High Court Declines to Hear Solvay and Duxbury FCA CasesJune 21, 2010
By Kurt R. Karst –
Earlier today, the U.S. Supreme Court declined to hear appeals in two separate cases of interest to the food and drug law bar involving the False Claims Act (“FCA”) – Hopper v. Solvay Pharms, Inc., 588 F.3d 1318 (11th Cir. 2009) and United States, ex rel. Mark Eugene Duxbury v. Ortho Biotech Products, L.P., 579 F.3d 13 (1st Cir. 2009). The decision lets stand two circuit court rulings.
In Solvay, the U.S. Court of Appeals for the Eleventh Circuit ruled that a FCA action should be dismissed when, as in this case, the Relators are unable to present any evidence that the defendant company actually caused false claims to be submitted based on an alleged off-label marketing campaign. As we previously noted (here and here), Solvay is an important ruling in the context of FCA litigation generally, but more specifically with regard to off-label use cases. The Eleventh Circuit’s ruling is the first decision by a United States Court of Appeals concerning off-label use in which the court ruled that a complaint was deficient where there were no claims identified by the Relator. Many off-label FCA actions have been initiated by company sales representatives who claim first-hand knowledge about an alleged off-label sales program, but do not have first-hand knowledge about the reimbursement practices of the company (usually because those functions are handled by others in the company).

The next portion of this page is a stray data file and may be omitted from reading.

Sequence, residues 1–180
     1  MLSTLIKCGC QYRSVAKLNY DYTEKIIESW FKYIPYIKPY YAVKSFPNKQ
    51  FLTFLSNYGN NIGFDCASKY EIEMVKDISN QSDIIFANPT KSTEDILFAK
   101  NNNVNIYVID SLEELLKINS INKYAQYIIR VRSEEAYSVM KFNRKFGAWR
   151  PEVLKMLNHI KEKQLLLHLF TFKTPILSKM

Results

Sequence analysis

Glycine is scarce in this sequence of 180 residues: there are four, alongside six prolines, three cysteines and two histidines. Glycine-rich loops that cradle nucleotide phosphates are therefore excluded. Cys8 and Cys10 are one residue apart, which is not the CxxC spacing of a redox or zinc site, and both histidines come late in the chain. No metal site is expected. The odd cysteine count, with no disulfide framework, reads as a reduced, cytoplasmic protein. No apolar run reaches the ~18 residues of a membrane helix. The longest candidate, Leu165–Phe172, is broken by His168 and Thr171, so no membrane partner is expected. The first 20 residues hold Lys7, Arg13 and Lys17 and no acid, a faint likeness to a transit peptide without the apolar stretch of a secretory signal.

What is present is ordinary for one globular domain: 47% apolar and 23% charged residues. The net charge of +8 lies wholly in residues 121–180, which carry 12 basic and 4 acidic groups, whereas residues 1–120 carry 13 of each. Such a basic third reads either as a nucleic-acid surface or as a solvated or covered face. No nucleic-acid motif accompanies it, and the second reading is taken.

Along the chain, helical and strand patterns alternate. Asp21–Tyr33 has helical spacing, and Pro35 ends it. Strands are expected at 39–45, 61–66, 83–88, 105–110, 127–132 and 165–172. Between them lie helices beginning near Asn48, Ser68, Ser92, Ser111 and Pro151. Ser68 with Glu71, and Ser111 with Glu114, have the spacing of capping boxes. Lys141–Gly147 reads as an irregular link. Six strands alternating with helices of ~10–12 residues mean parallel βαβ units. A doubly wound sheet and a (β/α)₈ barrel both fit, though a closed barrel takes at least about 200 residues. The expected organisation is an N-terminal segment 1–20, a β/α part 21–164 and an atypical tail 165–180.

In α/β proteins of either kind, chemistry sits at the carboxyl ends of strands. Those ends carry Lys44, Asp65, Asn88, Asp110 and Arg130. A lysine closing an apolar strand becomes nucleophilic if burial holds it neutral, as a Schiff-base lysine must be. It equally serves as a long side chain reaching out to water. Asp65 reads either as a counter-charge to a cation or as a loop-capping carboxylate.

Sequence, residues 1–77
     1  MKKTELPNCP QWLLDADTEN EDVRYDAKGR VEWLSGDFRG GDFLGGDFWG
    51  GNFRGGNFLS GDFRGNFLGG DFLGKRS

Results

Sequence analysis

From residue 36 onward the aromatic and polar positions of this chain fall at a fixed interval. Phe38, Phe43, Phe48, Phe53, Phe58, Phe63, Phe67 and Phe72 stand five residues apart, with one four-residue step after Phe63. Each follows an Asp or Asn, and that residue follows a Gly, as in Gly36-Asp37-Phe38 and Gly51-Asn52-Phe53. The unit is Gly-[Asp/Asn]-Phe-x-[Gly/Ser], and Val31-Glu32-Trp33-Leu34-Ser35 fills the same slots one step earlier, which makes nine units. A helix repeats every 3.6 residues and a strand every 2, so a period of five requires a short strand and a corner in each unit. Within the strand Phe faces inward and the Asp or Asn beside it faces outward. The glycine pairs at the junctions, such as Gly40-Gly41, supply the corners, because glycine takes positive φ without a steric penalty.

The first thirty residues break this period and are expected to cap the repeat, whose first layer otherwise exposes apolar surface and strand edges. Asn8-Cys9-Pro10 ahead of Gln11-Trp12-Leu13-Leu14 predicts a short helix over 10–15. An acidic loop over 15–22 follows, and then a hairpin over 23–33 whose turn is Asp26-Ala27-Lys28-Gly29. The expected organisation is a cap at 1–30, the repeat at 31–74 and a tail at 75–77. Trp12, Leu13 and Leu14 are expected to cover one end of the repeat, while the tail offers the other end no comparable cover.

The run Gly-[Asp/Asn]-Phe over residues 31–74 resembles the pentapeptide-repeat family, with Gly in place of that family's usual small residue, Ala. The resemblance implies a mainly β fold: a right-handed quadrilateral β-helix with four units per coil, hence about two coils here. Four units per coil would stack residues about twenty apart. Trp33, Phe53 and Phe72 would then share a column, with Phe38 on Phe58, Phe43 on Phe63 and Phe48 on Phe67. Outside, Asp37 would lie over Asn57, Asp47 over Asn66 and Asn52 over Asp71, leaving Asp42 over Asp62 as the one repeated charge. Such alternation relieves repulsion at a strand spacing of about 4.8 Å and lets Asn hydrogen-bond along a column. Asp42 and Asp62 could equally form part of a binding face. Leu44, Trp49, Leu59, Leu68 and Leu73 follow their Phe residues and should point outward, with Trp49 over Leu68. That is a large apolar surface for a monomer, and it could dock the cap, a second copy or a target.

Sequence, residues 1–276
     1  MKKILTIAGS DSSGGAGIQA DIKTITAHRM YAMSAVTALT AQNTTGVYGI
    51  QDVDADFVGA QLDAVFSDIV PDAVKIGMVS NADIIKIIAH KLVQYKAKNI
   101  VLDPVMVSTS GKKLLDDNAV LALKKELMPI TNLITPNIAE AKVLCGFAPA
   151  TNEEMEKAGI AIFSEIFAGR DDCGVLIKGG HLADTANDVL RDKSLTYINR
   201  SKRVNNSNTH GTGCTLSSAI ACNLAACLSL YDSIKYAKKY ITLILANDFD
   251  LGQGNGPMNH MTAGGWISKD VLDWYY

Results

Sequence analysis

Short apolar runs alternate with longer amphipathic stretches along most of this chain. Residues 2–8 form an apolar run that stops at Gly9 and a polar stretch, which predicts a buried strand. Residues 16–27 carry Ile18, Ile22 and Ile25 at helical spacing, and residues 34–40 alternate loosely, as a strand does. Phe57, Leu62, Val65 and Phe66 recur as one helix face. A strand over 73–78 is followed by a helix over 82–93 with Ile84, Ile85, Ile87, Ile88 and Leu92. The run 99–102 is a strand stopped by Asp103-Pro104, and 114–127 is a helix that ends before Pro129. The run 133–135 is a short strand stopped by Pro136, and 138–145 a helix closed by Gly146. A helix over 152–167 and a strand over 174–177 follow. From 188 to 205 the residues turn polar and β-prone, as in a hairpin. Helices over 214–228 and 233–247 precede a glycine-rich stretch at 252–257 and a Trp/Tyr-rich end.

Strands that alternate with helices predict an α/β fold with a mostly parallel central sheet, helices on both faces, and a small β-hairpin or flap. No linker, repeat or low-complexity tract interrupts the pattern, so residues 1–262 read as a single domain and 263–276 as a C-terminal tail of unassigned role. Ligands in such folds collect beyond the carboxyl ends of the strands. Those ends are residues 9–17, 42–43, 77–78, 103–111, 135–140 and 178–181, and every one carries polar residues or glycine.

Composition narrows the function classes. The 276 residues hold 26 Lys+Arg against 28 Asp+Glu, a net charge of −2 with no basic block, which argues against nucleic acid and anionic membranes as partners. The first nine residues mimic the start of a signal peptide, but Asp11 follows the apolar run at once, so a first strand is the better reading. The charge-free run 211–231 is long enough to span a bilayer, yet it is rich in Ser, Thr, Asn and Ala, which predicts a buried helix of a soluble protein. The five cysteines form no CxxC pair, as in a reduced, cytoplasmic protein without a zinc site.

As we previously reported (here and here), the underlying case in Duxbury asserted qui tam claims under the FCA against Ortho Biotech that were based on certain of the company’s product promotion activities, alleging promotion of off-label use, marketing the “spread” and providing “kickbacks” to providers in the form, among others, of free product samples. The District Court dismissed all of the claims, citing multiple grounds. On appeal, the U.S. Court of Appeals for the First Circuit reversed in part, reviving only those claims attributable to Duxbury based on kickbacks.
The United States recommended in an amicus brief that the Supreme Court decline to hear the case, in part, on the basis that a recent amendment to the FCA’s definition of the term “original source” made one question posed in the Petition for a Writ of Certiorari “not of sufficient continuing importance to warrant this Court’s review.”